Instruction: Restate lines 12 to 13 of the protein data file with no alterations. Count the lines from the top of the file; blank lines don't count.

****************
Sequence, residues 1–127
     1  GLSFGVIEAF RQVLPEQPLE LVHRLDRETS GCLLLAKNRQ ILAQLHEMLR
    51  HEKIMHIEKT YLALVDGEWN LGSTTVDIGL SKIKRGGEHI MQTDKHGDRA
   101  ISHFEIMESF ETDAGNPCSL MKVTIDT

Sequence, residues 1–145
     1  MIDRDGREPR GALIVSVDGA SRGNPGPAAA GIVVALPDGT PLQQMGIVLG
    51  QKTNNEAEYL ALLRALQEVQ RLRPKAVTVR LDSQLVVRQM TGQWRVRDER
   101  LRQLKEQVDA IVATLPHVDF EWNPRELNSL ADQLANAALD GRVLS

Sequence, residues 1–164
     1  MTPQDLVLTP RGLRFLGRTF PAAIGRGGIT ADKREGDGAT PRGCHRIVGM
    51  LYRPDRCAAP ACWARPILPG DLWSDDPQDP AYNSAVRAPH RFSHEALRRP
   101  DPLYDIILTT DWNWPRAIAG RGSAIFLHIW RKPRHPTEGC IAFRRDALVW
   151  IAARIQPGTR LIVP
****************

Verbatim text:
   101  DPLYDIILTT DWNWPRAIAG RGSAIFLHIW RKPRHPTEGC IAFRRDALVW
   151  IAARIQPGTR LIVP